Cooperatives are poised to increase broadband: such as in Renville and Sibley Counties

The Daily Yonder recently ran an article from Craig Settles on the power of cooperative to serve broadband to very rural markets. He points out that there are currently 27 coops in the US with fiber networks. Yet there are 900 coops nationwide. That’s a lot of coop potential!

He uses a quote from Minnesota’s own Mark Erickson to explain the unique advantages of a coop model…

Telephone and electricity co-ops are well suited to enter the broadband business. “Co-ops are private entities that have to break even and put aside money to fund expansion, but they exist to maximize benefits, not maximize profits,” states Mark Erickson, Winthrop, MN EDA Director and a key champion to a project headed by RS Fiber Cooperative in Minnesota. The co-op was specifically created to meet communications needs. “There’s direct accountability to the community because members can have a say in how the network is managed and used, as well as a share in the profits.”

And coops have a political advantage over municipal networks – especially in states that have legal restrictions that make it more difficult for a community to provide broadband. Minnesota does have restrictions – Minn. Stat. § 237.19 requires a supermajority voter approval for the provision of local phone service by a local unit of government, and clarifying county and state bonding authority. Cooperatives do not have such restrictions – again RS Fiber is used as an example…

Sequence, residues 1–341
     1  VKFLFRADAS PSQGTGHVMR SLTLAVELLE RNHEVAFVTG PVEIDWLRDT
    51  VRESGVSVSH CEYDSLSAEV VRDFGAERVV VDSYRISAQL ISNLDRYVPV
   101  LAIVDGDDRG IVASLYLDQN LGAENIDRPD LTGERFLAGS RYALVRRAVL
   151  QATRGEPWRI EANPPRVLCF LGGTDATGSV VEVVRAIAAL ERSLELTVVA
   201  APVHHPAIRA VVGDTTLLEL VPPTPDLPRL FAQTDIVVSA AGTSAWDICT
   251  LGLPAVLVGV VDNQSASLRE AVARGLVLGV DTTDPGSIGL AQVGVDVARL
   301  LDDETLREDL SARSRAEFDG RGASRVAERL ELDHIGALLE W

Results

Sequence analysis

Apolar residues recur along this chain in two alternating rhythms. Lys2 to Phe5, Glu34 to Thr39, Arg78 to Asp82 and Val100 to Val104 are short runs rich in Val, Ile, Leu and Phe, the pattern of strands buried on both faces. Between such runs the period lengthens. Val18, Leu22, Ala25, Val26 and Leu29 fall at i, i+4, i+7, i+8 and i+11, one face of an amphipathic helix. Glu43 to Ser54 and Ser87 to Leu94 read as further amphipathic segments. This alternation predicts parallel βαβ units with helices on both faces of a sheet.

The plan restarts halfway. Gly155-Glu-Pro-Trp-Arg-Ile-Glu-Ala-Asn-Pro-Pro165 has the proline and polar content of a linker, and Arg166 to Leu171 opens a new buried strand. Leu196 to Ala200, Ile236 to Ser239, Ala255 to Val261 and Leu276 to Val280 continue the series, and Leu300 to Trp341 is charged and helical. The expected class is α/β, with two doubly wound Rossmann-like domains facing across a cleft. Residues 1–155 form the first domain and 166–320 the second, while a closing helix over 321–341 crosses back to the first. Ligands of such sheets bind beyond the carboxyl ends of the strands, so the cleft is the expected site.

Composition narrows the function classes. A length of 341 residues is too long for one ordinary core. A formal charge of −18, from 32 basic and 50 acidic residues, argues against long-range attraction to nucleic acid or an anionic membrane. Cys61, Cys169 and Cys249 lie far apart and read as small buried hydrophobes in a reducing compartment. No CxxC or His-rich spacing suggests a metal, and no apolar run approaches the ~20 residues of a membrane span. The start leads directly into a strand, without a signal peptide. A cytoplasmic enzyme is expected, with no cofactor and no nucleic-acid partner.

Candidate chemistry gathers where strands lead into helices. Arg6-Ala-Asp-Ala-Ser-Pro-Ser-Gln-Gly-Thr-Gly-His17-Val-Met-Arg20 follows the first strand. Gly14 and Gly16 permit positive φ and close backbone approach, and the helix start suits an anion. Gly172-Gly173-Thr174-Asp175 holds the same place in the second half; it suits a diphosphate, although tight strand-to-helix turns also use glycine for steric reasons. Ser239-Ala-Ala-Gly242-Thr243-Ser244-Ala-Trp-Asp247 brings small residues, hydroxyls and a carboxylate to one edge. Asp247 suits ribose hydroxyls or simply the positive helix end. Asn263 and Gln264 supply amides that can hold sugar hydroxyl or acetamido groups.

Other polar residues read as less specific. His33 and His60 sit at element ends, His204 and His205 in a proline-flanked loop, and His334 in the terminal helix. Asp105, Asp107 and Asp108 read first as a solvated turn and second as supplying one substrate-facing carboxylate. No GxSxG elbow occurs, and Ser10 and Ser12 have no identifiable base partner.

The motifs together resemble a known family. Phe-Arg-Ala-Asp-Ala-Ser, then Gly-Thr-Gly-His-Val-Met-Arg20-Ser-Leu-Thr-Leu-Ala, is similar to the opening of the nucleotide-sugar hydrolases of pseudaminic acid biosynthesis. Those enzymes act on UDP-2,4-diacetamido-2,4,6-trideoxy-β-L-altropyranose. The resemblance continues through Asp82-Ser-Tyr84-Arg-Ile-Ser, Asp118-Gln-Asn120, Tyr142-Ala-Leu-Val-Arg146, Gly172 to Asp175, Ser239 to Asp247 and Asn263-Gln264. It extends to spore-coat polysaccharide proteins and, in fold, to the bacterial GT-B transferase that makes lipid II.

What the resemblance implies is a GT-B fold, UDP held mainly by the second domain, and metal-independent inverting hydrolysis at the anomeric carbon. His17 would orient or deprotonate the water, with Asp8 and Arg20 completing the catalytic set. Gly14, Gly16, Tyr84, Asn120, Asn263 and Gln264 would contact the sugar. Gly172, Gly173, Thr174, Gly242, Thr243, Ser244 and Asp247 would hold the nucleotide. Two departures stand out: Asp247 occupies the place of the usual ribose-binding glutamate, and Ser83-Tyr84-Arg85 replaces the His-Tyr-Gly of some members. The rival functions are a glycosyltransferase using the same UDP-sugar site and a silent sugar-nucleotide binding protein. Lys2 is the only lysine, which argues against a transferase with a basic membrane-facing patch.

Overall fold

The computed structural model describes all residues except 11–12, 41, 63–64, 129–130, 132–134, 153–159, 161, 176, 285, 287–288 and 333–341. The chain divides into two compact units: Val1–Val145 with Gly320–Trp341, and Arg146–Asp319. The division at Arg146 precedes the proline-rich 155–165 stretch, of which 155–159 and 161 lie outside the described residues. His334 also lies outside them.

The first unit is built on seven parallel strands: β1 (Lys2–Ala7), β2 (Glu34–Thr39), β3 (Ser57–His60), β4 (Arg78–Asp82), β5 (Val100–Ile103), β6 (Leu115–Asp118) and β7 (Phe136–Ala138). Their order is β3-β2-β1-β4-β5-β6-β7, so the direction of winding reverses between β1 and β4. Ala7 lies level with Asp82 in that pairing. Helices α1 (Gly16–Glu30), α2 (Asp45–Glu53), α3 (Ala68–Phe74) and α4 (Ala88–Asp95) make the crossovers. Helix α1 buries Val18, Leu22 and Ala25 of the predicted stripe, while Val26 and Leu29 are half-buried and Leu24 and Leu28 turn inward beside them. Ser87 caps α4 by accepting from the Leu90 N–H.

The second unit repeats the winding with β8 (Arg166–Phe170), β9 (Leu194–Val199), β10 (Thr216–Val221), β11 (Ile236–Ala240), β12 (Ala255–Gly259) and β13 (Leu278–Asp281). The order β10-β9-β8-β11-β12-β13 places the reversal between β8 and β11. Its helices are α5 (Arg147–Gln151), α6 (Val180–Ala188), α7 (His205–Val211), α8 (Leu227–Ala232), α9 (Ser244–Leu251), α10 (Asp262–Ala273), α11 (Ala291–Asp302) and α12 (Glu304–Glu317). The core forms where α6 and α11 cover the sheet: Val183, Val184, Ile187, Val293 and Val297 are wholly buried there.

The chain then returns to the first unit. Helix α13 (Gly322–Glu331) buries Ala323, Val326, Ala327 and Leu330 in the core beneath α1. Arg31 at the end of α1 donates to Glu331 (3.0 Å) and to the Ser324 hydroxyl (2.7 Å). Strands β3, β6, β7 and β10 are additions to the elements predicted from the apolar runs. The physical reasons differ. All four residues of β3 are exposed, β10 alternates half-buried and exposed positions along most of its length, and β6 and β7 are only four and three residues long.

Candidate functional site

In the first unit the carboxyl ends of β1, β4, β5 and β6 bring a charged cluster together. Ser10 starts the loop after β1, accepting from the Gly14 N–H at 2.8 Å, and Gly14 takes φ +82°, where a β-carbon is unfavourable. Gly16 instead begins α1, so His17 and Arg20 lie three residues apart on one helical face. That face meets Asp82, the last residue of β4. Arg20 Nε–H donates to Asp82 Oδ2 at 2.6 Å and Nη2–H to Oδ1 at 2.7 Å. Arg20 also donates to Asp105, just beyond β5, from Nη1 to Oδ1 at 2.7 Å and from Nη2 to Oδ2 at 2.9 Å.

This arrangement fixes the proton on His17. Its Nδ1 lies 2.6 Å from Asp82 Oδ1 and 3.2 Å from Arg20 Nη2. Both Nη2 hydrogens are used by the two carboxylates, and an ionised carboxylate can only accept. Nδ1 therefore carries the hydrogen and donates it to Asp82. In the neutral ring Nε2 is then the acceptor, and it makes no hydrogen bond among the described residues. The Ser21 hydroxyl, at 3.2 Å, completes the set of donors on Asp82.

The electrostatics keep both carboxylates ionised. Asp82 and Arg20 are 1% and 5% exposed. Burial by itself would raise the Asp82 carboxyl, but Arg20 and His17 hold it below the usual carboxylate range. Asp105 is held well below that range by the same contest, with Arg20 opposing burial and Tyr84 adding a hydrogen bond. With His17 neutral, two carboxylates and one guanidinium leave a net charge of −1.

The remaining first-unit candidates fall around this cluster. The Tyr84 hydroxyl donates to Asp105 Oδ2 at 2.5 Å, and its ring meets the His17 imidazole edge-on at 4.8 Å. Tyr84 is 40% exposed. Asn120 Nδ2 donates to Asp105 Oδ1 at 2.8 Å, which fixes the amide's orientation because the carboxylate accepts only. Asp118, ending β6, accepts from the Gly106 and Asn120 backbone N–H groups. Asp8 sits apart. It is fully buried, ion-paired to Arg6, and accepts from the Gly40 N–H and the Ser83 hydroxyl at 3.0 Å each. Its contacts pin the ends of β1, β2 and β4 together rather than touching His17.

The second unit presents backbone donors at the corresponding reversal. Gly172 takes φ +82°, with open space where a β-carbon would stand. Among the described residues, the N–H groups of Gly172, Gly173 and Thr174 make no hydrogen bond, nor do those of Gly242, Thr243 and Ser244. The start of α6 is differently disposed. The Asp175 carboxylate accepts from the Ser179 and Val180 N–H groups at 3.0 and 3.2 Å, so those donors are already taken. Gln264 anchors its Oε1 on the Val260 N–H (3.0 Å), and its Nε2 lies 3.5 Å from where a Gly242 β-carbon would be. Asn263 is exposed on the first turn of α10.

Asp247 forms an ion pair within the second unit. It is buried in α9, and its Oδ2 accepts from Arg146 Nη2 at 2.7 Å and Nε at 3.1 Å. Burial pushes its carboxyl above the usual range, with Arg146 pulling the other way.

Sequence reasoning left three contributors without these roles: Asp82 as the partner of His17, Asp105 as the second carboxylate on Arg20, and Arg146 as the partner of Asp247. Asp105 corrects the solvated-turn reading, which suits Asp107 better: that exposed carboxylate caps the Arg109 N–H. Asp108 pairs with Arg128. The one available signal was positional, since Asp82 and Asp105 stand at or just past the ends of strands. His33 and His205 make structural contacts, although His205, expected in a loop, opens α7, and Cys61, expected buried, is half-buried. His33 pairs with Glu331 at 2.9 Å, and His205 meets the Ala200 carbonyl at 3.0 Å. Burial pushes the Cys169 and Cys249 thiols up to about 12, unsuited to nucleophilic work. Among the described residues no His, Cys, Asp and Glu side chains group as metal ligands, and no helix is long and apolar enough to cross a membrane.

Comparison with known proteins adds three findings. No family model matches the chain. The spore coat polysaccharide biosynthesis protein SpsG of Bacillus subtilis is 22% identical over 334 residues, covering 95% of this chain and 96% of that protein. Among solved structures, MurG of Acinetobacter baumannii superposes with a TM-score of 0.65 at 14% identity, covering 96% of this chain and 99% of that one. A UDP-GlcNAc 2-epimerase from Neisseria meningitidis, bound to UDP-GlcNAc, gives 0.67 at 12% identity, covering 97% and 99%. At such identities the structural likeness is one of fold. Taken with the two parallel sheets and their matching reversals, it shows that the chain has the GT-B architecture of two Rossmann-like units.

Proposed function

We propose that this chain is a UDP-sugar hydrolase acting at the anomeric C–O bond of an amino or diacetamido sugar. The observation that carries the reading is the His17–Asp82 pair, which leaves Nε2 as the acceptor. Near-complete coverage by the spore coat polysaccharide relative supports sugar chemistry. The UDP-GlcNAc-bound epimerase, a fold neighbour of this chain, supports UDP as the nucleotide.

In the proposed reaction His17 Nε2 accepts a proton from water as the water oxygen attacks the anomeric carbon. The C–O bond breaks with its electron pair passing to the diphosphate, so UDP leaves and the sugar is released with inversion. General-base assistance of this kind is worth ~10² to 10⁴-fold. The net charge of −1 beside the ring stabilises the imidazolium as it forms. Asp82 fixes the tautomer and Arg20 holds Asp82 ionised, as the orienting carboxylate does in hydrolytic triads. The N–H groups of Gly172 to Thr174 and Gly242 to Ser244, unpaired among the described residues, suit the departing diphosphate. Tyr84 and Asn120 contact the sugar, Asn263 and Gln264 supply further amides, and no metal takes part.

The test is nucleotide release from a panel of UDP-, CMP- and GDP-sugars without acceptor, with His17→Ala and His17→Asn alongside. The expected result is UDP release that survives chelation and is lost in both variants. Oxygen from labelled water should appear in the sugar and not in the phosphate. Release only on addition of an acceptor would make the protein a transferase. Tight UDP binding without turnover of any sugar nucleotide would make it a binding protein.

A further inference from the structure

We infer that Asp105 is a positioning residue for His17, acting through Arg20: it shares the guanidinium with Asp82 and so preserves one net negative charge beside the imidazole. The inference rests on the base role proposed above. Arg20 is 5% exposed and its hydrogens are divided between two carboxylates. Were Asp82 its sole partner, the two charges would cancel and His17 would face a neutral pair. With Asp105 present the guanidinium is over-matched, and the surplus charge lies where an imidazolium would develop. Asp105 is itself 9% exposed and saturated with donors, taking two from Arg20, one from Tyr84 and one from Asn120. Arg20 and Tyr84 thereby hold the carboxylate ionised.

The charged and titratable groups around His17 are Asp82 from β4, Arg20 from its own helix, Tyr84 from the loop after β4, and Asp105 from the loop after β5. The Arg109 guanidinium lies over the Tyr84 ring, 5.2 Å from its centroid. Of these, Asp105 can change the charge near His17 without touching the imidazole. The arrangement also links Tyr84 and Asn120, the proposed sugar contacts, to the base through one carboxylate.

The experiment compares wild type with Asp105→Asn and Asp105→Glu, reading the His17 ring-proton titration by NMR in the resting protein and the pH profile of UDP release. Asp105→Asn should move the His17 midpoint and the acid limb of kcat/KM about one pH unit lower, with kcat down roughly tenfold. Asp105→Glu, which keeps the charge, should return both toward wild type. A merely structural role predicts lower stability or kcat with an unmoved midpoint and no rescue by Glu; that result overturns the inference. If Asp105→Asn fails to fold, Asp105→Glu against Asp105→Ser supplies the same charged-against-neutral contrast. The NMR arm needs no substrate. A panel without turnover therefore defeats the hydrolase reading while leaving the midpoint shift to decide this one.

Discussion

A unique partnership between RS Fiber and 10 cities is proving successful in Minnesota, which also has restrictions on public networks. The cities sold a General Obligation bond that they used to underwrite a loan to RS Fiber. The co-op leveraged the loan to raise more investment money.

RS Fiber retained Hiawatha Broadband Communications, a local ISP, to oversee all network buildout, operations and marketing. A fiber backbone will connect the 10 towns. During the three years it will take to complete the buildout, the co-op will provide 25-megabit symmetrical wireless and telephone services to the cities. In 2018 RS Fiber will ask the cities to pass another bond to finance the remaining buildout to take in surrounding farmlands. In total the entire network will cover over 600 miles and 2500 farm sites.

This entry was posted in Cooperatives, MN, Rural, Vendors by Ann Treacy. Bookmark the permalink.

About Ann Treacy

Librarian who follows rural broadband in MN and good uses of new technology (, hosts a radio show on MN music (, supports people experiencing homelessness in Minnesota ( and helps with social justice issues through Women’s March MN.

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